Las Vegas Sun

May 24, 2019

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Hawkins constantly proved doubters wrong

BEST OF THE BEST

Among Frank Hawkins' lofty football accomplishments, winning the Super Bowl and being voted into the College Football Hall of Fame are the greatest.

Those feats are a credit to the fortitude of the 1977 Western High graduate, who didn't let his moderate size destroy his dream of playing college and pro ball.

Hawkins succeeded in both realms, setting NCAA rushing records at Nevada-Reno from 1977-80, then moving to fullback for the Oakland/L.A. Raiders for six-plus years and helping them win the 1984 Super Bowl. He remains the 10th-leading rusher in NCAA Division I history.

But despite Hawkins' impressive resume, he is just as excited over his latest entry -- his induction to the Southern Nevada Sports Hall of Fame, which takes place Friday night at Cox Pavilion.

It's one thing to visit a safety deposit box and admire your Super Bowl ring. But being lauded in your hometown is pretty sweet, too.

"Being inducted at home is very special, especially since I didn't go to UNLV," said Hawkins, 41, a Las Vegas city councilman from 1991-95 and director of operations for the NAACP Community Development Center in Las Vegas.

"So many people helped me over the years, people who were positive role models," he said. "I learned from all of them, and this induction is a tribute to them. My mother (Daisy Miller) set a good example. She taught me about hard work and commitment. She taught me to always give my best."

That background left Hawkins well-equipped to succeed in sports, though he stood only 5-foot-9, 160 pounds in high school. His rushing skills led Western to two state titles, and he also was a two-time state wrestling champ, compiling a 66-1 mark at 148 and 156 pounds.

"I won my last 66 matches," he recalled. "After I lost the first one, I was on a mission."

Hawkins took that same ferocity to Nevada-Reno after being recruited by coach Chris Ault, a former UNLV assistant under Ron Meyer. Ault had seen Hawkins dominate at Western and believed he could be equally successful at UNR.

"A lot of recruiters didn't think Frank was big enough," said Ault, who coached UNR from 1976-95 and is now athletic director. "But I saw a guy with a lot of courage. When I came to Reno, he was the first Nevada player on my list. It didn't matter if he was 100 pounds."

But even Ault couldn't have imagined how successful Hawkins would be at UNR. He became a three-time first team All-American in NCAA Division I-AA, which was created in 1978, just in time for Hawkins to write his name all over the record book.

As a sophomore, he ran for 1,445 yards and scored 17 touchdowns to lead I-AA scorers with 102 points. As a junior, he led I-AA with 1,683 rushing yards and 1,806 total yards, then repeated as the rushing king in 1980 with 1,719 yards.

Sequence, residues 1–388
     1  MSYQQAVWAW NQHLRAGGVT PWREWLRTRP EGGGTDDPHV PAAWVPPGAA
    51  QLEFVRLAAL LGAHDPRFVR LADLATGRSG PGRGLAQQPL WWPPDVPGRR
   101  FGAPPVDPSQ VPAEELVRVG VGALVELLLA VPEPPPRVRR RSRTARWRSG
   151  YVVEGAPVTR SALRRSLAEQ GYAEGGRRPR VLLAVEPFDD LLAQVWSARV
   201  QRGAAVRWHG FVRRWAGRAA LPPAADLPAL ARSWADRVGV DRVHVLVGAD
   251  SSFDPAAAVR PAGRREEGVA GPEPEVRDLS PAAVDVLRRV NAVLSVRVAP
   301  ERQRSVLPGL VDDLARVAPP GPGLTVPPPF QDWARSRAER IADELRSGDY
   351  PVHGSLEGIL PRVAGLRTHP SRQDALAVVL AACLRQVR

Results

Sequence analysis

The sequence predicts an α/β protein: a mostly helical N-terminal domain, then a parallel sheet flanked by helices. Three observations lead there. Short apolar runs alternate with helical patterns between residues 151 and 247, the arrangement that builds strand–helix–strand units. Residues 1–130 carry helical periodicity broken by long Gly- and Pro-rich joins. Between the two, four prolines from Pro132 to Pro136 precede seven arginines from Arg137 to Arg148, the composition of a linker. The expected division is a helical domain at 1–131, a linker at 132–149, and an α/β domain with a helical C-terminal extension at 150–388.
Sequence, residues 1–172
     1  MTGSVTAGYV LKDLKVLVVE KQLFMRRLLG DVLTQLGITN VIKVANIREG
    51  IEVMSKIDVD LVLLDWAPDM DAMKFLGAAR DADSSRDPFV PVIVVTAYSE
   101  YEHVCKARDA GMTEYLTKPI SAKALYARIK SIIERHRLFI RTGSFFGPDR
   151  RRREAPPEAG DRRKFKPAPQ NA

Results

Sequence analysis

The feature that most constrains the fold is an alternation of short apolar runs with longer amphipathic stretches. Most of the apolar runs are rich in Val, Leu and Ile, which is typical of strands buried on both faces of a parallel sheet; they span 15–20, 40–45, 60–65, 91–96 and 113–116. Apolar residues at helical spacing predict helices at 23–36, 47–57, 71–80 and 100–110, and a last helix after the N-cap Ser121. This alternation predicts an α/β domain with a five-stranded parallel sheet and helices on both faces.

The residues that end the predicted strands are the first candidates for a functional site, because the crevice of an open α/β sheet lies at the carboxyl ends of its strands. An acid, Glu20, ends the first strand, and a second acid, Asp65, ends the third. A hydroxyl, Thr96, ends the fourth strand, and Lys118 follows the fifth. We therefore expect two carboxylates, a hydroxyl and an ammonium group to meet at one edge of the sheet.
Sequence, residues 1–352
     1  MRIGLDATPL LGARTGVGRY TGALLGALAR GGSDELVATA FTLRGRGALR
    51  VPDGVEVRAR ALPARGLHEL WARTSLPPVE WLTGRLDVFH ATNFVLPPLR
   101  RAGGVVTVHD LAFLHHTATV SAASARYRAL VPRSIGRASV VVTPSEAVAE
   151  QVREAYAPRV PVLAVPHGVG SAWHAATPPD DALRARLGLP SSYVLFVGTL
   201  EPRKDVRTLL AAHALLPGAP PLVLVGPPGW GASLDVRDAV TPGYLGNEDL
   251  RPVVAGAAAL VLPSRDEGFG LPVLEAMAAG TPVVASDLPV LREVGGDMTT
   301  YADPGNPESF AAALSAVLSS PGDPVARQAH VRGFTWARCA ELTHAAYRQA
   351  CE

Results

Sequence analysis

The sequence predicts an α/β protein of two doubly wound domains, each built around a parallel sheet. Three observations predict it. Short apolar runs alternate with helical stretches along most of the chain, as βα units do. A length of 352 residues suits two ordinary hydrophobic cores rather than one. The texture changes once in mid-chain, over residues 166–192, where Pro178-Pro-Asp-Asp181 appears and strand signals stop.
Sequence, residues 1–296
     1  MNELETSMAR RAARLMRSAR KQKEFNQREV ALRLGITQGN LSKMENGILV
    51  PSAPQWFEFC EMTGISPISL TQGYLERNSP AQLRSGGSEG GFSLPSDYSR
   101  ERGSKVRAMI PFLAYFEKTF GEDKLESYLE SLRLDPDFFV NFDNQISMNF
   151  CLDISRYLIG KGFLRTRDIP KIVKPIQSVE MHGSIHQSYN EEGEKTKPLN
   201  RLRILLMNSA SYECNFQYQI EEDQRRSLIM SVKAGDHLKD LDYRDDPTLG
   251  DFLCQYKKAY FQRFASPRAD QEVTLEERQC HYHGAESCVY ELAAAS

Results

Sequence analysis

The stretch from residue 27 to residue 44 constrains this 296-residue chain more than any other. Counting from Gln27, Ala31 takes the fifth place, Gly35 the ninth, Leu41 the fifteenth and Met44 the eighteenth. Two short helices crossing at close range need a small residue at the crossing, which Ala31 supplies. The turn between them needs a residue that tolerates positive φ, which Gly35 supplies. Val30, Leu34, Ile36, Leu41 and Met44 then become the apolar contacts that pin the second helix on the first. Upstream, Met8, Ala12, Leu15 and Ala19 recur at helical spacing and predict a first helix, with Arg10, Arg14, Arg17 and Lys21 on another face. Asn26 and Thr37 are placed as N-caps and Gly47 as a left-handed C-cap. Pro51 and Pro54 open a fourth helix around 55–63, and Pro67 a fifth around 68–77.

By gaining 265 yards (with a pulled hamstring) in his final game against Idaho, Hawkins finished with 5,333 in his 43-game career -- the most by a I-AA player and third-most in Division I history. Only Pitt's Tony Dorsett (6,082) and Southern Cal's Charles White (5,598) were ahead of him.

Twenty seasons later, Hawkins' total has fallen to fifth on the I-AA list and 10th on the overall Division I list, but he still shares I-AA records with 29 100-yard games in his career and 11 in a season.

Hawkins' UNR career was recognized with the sport's highest honor in August 1997 when he was inducted to the College Football Hall of Fame in South Bend, Ind.

Despite his college exploits, Hawkins had to prove his mettle all over again in the NFL. After predraft nibbles from the Cowboys and Seahawks, he had to wait for Oakland to pick him in the 10th round in 1981.

"We were all bitterly disappointed he went in the 10th round," Ault said. "But Frank is the kind of guy to whom you don't say, 'You can't do this.' Because as soon as he gets his opportunity, stand back."

Hawkins quickly made himself indispensible, becoming a blocking fullback for Marcus Allen, though he still weighed only 225. He ran the ball sparingly, but started 85 straight games in the Raiders' backfield.

"I proved that it's not the size of the person that matters, but the fight within the person," Hawkins said. "(Owner) Al Davis wanted me to punish people and make holes for Marcus to run through. It was a sacrifice on my part, but I did it for the good of the team."

But Hawkins also had good days running the ball. He compiled 1,659 career rushing yards -- almost one-third of them in his best year, 1983, when he gained 526 on 110 carries, with six rushing TDs. That included 118 yards against the Cowboys and 64 against the Redskins.

Hawkins rose to the moment in the playoffs en route to Super Bowl XVIII, scoring one TD against the Steelers in the AFC semifinals and two against Seattle in the AFC championship.

Then came the Super Bowl on Jan. 22, 1984, in which the Raiders routed the Redskins 38-9 at Tampa Stadium. Hawkins carried three times for six yards, but cleared the way for Allen to gain 191 on 20 carries, score twice and earn MVP honors.

Nowadays, Hawkins wears his Super Bowl ring only on special occasions -- such as hall of fame inductions.

"The first year I wore it all the time," he said. "But then I began to appreciate it more and more, and I didn't want to lose a stone or lose the ring. It means that much to me."

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